Animals have very different nutritional needs to humans. But telling that to pet owners who are convinced the human fad diets they swear by also benefit their cat or dog isn’t always easy, unless you know how. By Rachel Smith
Paleo. Veganism. Grain-free. Raw food. Fad diets are plentiful—and no-one could deny that as humans, we’re increasingly obsessed with what we should be eating. The trouble is when we assume such diets might suit our pets too—a trend which has vets increasingly concerned.
“We’re frequently asked by vets how to manage these conversations,” says Dr Mina Magelakis, scientific services veterinarian at Royal Canin. “We hear things like, ‘How do we tackle grain free? How do we tackle raw feeding?’ and other feeding regimes they’re hearing about. I’m not going to deny that it’s a challenging conversation to have with a pet owner, because you’re up against their own personal values and opinions.”
Dr Peter Higgins, an honorary associate at the University of Sydney and a practising vet himself, says small animal vets would be seeing issues related to diet every day—and potentially dealing with tricky pet owners who are convinced that they know better.
“The bane of a vet’s life is trying to convince the owner that what they’re doing is the wrong thing,” he explains. “A vet can say, ‘You really shouldn’t be feeding [your pet] this. This is the reason you’re here today and the dog or cat is sick, so stop feeding this diet’, but the owner will say, ‘That’s not what it says on Google’. It’s an increasing problem.”
The dangers of feeding animals a human diet
People applying the human experience to their animals is nothing new but in the case of nutrition, it can be damaging or even deadly.
“I’ve definitely come across pet owners thinking the pet would do really well on their diet—I’ve had a lot of vegetarians be very insistent, for example, but for cats, being obligate carnivores, this can be lethal. A cat cannot thrive on a vegetarian diet because they need the amino acids, essential fatty acids and vitamins contained in meat,” says Dr Claire Stevens, a veterinarian based on the Gold Coast.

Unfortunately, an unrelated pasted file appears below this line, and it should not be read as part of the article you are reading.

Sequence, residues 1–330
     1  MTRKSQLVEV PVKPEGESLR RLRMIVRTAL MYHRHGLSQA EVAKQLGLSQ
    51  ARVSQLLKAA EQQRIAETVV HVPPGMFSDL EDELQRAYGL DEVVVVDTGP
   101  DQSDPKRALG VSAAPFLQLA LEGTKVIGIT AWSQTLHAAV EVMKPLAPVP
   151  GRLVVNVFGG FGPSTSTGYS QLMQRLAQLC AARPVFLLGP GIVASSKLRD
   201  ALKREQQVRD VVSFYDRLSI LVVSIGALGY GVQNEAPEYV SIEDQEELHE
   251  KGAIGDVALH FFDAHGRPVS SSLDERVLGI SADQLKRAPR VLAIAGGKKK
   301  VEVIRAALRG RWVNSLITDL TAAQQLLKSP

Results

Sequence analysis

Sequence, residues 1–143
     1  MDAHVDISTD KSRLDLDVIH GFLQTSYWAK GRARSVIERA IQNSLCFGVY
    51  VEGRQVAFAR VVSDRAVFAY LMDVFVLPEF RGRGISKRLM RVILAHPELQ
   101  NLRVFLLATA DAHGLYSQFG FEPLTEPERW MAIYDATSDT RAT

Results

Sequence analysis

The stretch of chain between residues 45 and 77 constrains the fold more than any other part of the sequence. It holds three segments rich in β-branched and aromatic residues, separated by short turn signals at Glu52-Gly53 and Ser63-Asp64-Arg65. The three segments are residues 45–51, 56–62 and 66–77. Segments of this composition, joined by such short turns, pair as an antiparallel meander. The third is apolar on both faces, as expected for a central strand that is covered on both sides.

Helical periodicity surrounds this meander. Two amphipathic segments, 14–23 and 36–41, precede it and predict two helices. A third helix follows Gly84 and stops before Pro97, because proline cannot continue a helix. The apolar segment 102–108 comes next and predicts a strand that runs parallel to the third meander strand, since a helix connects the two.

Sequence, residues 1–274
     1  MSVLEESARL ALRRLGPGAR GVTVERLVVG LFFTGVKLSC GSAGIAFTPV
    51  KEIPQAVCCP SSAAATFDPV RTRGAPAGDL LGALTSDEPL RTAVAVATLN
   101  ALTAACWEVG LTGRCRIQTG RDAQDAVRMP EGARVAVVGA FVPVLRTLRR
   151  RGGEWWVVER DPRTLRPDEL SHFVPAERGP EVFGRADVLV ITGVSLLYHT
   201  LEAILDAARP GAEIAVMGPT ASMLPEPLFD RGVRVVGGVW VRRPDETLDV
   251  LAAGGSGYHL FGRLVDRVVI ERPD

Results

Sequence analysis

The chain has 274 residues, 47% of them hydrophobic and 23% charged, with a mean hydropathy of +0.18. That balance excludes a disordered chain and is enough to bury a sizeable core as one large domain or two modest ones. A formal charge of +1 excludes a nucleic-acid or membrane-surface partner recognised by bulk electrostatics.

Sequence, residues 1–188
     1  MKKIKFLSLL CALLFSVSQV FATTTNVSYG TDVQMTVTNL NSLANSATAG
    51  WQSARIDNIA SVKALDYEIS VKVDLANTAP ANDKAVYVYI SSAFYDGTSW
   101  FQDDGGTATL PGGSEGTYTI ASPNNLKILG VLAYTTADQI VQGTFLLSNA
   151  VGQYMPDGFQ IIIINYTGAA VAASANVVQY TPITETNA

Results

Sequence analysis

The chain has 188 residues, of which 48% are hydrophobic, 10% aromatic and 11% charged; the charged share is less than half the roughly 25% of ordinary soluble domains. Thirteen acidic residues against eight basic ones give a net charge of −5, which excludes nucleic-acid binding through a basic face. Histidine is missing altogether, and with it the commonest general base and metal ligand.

Dr Higgins agrees, adding that cats put on strict vegetarian or even vegan diets can go blind quickly. “Often people won’t pick it up because the animal compensates with their other senses. They can also experience liver problems—and they can literally die from it.”
Busting the ‘myths’ out there about what pets need nutritionally is also something vets should prioritise when talking to owners who may have read and believed fad diet claims.
“For example, humans require vitamin C but cats and dogs can synthesise it themselves, so they don’t require it in their diet as much as we do,” says Dr Magelakis. “Another really common one we hear is the belief that pets cannot tolerate carbohydrates or they may suffer grain-related allergies—but we do know cats and dogs are completely capable of digesting carbohydrates. The vast majority of food allergens actually come from meat-based proteins.”
Are some fad diets better or worse than others?
While there are ‘alternative’ pet diets available that can be okay for pets, some are more difficult to balance nutritionally and are more likely to cause disease, explains Dr Magelakis.
“We’re frequently asked by vets how to manage these conversations. We hear things like, ‘How do we tackle grain free? How do we tackle raw feeding?’ and other feeding regimes they’re hearing about.”—Dr Mina Magelakis, scientific services veterinarian, Royal Canin